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other applications The sample JPEG encoder generates an exception during the compression process if the user has specified fractional sampling The JPEG standard (Section B23) specifies that an MCU within a scan may contain a maximum of 10 data units: HFy VHy + HFcb VHcb + HFCr VHCr 10
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This is an arbitrary limit, but it is easy to overlook The encoder must therefore ensure that this limit is not exceeded, or else the files it produces will not be readable by decoders that conform to the JPEG standard Suppose that the Y component has horizontal and vertical sampling frequencies of 4 Since the Y component would contribute 16 data units to an MCU in an interleaved scan, with these sampling frequencies the Y component would have to be encoded by itself in a noninterleaved scan The sample encoder throws an exception if the user tries to create scans with more than 10 data units per MCU An alternative would be for the encoder to limit the user's options to sampling frequencies that will not exceed this limit For instance, the encoder could give the user a choice of making all the sampling frequencies 1 (3 data units per MCU) or allow the Y component to have sampling frequencies of 2 and the other components to have sampling frequencies of 1 (6 data units per MCU) Yet another possibility would be for the encoder to automatically assign components to separate scans if the number of data units in an MCU is too large Restart Markers Restart markers are used to create independently encoded blocks of MCUs In a sequential JPEG file the DC coefficient is encoded as a difference value rather than as an absolute value When an image contains no restart markers, every MCU, except for the first, depends upon the previous MCU being decoded correctly1 If the encoded data for an MCU gets corrupted (eg, while the file is being transmitted over a telephone line), each subsequent MCU will be incorrectly decoded If an image contains restart markers, a decoder can use them to recover from corrupt compressed data Since restart markers are placed in the output stream in sequence, decoders can compare the last one read before the corrupt data was encountered to the current one and use the restart interval to determine where in the image the decoding should resume This works as long as the corruption in the compressed stream does not span eight restart markers If it does, the decoder will not be able to match the remaining compressed data to its correct location within the image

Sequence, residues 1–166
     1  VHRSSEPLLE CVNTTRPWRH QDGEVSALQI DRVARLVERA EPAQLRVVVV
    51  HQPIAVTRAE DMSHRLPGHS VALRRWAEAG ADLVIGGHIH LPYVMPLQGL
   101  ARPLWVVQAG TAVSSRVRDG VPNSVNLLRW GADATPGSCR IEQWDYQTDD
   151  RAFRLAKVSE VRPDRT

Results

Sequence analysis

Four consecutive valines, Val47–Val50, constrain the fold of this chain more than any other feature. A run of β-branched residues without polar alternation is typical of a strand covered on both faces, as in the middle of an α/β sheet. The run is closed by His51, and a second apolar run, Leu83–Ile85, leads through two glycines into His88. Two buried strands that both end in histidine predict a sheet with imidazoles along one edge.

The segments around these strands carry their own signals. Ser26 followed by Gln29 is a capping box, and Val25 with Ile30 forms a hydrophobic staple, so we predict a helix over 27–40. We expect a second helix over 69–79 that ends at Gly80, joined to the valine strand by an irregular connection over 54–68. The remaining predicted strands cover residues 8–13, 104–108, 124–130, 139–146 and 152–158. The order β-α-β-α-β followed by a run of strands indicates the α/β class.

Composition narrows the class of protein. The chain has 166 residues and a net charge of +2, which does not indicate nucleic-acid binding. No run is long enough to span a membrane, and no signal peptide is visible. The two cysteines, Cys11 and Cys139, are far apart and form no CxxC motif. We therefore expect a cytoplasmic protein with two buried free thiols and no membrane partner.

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In progressive JPEG there can be dependencies among the data units from the AC coefficients as well
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Creating Sequential JPEG Images Obviously, the smaller the restart interval, the sooner the decoder can recover from an error Having a restart interval so large that only one or two restart markers get written in the scan is usually of little value Having too small a restart interval is not a good idea, either Each restart marker adds two bytes of overhead to the compressed stream and can reduce the amount of data compression, especially in progressive-mode JPEG A tiny restart interval also makes it more likely that corruption will extend past eight restart markers When creating JPEG files that are used on a single system or a reliable network, restart markers are rarely necessary If you need them for error recovery, a good restart interval is the number of MCUs that make up a row Color or Grayscale The JFIF standard allows either three-component color images or one-component (Y) grayscale images A JPEG encoder can be written so that it always uses three components, but the drawback is that the grayscale images will be a bit larger and the processing required to decode them significantly more than necessary In the RGB colorspace, shades of gray are represented with component values where R = G = B If you look closely at the RGB-to-YCbCr conversion functions in 1 you will see that, with 8-bit samples, for any grayscale color (R = X, G = X, B = X), the corresponding YCbCr color representation is Y = X, Cb = 128, Cr = 128 Since 128 is subtracted from the component values before the DCT is performed, the coefficients for the Cb and Cr components in a grayscale image will all be zero In a grayscale image the Cb and Cr components obtain outstanding compression since each data unit requires only 2-bits to encode, not counting the overhead from markers While the amount of compressed data from the Cb and Cr components is relatively small, it is still completely useless An encoder can automatically determine if the incoming image is in grayscale by checking to see if the RGB color value for each pixel is such that R = G = B This causes a problem if an image contains RGB values where the component's values are very close but not exactly equal an RGB value of (101, 100, 102), for example, would look gray on the screen An encoder could use a small delta value instead of equality to make the test: abs(R - B) < abs(R - G) < abs(G - B) < However, this raises the question of how large to make the delta and, more important, whether or not the user wants images with colors close to pure gray to be converted to grayscale Probably the safest way to deal with grayscale images is to have the user specify to the encoder whether to compress the image using grayscale or color
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